Why is it that the software developers who design FamilySearch think they are all knowing?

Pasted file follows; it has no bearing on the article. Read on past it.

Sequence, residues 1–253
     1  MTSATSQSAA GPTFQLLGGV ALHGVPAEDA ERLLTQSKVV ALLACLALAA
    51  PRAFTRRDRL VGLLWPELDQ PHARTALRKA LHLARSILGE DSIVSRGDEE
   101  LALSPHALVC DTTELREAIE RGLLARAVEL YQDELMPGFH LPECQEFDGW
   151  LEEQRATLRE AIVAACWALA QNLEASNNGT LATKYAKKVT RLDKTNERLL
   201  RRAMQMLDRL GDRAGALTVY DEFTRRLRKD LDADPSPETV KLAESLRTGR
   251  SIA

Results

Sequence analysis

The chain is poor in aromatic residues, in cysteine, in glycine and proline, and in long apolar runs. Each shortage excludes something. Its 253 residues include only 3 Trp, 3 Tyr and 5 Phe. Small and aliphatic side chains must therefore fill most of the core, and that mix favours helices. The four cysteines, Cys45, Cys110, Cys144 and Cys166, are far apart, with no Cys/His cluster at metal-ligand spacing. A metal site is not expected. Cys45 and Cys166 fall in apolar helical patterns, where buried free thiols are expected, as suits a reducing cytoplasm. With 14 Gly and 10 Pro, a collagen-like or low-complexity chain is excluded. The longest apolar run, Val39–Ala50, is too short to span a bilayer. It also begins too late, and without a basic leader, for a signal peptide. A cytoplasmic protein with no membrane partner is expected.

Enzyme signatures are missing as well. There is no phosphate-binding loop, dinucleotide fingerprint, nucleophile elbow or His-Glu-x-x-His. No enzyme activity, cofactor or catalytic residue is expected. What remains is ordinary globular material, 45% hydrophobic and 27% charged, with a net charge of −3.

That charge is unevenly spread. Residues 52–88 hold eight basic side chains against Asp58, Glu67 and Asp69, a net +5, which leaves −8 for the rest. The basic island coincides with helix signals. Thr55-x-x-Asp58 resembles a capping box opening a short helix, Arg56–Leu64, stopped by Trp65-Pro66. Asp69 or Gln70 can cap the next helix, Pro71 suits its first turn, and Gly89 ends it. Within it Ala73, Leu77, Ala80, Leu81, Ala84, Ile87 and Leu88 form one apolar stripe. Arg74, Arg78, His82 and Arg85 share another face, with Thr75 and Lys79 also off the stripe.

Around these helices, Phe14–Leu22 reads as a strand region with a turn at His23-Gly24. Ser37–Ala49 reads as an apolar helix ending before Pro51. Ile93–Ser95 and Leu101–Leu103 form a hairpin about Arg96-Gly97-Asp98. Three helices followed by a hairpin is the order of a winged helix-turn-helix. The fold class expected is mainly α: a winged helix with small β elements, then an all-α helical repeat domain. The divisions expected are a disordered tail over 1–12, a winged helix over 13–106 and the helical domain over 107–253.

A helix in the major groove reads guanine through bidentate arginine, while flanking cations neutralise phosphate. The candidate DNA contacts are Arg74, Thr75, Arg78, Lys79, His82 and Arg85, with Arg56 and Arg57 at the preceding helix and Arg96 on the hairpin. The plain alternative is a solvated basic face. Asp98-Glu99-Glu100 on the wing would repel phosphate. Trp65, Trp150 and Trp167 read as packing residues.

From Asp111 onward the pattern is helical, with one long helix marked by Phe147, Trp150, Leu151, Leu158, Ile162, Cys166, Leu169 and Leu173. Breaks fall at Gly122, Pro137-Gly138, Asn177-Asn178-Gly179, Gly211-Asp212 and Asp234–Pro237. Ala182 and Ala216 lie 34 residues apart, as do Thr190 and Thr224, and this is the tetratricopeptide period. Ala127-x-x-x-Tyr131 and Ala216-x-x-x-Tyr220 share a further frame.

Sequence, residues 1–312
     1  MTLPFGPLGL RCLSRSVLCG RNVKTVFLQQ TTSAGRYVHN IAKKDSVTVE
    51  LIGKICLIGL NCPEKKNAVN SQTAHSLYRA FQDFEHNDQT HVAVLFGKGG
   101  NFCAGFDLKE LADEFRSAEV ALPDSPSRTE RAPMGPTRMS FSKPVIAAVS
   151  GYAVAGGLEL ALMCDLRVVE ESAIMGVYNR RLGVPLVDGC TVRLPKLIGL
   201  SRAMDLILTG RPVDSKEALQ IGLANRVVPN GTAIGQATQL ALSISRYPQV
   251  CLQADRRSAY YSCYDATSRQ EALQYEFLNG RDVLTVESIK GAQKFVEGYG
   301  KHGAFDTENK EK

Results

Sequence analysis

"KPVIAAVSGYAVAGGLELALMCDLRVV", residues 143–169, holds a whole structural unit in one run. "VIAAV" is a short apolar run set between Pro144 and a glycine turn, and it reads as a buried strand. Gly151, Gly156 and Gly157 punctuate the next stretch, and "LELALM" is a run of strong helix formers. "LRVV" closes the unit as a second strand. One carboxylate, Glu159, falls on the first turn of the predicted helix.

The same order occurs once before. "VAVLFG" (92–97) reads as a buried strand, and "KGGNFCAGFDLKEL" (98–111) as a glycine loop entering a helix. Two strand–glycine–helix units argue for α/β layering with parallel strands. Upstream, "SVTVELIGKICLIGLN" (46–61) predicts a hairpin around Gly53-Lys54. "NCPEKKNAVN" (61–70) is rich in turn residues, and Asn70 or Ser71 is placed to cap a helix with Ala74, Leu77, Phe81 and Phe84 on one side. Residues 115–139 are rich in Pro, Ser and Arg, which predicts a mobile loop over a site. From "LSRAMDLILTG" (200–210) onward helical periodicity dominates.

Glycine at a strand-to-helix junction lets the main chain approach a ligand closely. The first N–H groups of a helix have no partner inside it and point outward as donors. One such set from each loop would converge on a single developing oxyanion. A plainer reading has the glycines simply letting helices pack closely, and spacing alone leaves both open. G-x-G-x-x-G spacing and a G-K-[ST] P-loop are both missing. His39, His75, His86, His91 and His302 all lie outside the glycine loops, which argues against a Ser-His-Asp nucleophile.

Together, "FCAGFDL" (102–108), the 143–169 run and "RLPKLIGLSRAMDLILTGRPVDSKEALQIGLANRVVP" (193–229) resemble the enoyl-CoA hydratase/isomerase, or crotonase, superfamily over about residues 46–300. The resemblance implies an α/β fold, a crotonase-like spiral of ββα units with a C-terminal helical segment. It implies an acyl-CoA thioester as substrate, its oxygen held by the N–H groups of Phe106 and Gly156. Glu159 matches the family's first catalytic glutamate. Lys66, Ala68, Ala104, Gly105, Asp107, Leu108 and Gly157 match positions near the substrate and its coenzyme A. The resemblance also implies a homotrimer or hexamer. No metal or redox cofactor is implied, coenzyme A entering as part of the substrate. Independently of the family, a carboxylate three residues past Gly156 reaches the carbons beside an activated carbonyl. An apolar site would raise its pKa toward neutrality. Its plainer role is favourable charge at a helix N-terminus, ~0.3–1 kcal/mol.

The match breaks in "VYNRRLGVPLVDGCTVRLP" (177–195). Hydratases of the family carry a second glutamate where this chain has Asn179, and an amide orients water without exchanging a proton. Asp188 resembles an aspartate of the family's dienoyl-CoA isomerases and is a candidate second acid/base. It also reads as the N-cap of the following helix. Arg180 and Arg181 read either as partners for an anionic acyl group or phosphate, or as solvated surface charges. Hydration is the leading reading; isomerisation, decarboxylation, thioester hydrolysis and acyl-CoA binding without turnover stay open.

There are restrictions to being able to edit source dates and places within FamilySearch that have not been anticipated and there are also items recorded in indexed entries that are wrong but uncorrectable. When software designers enforce their limited ideas to restricted conditions (such as standard dates and places), some records become uncorrectable until such limitations are removed. For example, I find a relative who is recorded in an index entry of a christening record, but the child was actually never christened (see Josefa Petrine Jensen GD4V-SQ8). When one tries to point out the error, the software requires a standard date and a standard place when it is currently impossible to indicate there was neither a date nor a place! Also, I found a immigration index entry which indicates a woman is married when she is actually listed as a widow (wd) Maria Pacula 1913 New York, New York. There is currently no way to correct this. Also it is generally not wise to require exact standard place names when the user has little or no idea where the place actually lies, such as when there are more than one place names for a place in Galicia, where one place is now in Poland and the other is in Ukraine (and the user doesn't have enough experience how to determine which or where the correct place is). I have stated in years past that it is dangerous or at least unwise to FORCE the process of correcting place names because such is often as likely to produce errors as it is to correct them.